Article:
“There is the story of a drunkard, searching under a lamp for his house key, which he dropped some distance away. Asked why he didn’t look where he dropped it, he replied ‘It’s lighter here!’. Much effort […] in behavioural science itself, is vitiated, in my opinion, by the principle of the drunkard’s search” – Abraham Kaplan (1964)
It may be an old story, but it’s something we’re all doing somewhere in our work. The real challenge is finding out where and dealing with it. For example –
- Tinkering with the details on a single high traffic page, because that’s what’s easiest with your MVT package (Button colours and labels don’t push the needle far, but it’s so hard not to scratch the itch).
- Never going back to challenging design problems because “the decision has already been made”, and instead turning your attention to the new stuff because it’s shinier and more exciting.
- Focusing on areas that you’ve already been running research on, on the logic “we’re looking here already, there must be some gold here if we keep trying!”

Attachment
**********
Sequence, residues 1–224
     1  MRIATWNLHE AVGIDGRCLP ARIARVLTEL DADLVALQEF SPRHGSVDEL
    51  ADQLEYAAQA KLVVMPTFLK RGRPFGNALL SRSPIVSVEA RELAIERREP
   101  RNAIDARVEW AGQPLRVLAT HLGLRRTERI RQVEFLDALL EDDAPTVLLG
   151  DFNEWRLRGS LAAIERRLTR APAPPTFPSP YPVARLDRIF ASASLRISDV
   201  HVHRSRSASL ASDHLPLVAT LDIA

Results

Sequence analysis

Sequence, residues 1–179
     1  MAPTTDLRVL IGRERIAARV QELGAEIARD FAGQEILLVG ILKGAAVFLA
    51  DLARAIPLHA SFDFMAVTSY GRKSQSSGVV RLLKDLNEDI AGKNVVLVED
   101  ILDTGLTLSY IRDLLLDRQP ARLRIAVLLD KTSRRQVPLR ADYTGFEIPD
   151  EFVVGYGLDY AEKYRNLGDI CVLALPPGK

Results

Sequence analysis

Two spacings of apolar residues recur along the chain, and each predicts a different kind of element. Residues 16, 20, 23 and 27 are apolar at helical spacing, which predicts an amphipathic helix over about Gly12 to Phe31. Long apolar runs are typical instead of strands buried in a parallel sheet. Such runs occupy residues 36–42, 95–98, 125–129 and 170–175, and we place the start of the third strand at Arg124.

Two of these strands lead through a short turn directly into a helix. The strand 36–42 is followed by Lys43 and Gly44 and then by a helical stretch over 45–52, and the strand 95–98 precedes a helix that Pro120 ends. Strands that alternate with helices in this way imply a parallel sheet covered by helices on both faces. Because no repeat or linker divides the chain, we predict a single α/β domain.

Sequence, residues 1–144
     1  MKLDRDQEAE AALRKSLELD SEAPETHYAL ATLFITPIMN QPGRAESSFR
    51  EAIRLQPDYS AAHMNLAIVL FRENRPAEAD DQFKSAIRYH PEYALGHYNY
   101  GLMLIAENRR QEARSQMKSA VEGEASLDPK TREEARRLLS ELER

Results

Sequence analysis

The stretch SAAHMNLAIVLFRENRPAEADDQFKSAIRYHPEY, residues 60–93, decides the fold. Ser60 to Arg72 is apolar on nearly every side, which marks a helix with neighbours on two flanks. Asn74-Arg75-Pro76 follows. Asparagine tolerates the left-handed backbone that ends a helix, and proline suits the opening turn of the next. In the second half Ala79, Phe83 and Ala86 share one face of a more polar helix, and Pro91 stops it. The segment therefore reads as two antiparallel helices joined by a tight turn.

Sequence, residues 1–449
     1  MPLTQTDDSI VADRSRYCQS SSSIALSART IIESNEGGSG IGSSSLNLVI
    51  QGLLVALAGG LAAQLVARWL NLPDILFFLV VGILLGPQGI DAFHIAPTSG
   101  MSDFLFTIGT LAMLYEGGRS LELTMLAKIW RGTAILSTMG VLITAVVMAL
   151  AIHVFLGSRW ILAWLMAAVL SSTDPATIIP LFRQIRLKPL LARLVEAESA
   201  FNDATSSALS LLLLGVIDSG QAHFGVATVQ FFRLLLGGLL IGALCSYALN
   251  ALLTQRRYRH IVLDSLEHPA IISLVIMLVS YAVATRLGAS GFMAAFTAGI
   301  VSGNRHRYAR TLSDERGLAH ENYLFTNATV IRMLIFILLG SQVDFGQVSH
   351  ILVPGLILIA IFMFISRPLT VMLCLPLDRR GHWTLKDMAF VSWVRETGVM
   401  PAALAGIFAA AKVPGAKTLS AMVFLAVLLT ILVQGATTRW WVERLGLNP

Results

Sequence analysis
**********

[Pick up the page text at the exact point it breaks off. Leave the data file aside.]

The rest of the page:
- Looking at just one small area of the site because that’s what the client asked (UX problems are rarely polite and tidy enough to stay within the area originally scoped).
- Always reaching for the same research tools (e.g. just analytics), because that’s your comfort zone.
I’ve said this before, but we designers are very good at turning our lens of analysis on others, but we often forget to turn it on ourselves. If you’re doing your current project with the exact same approach your the last one, chances are you’ve missed the opportunity to do something better.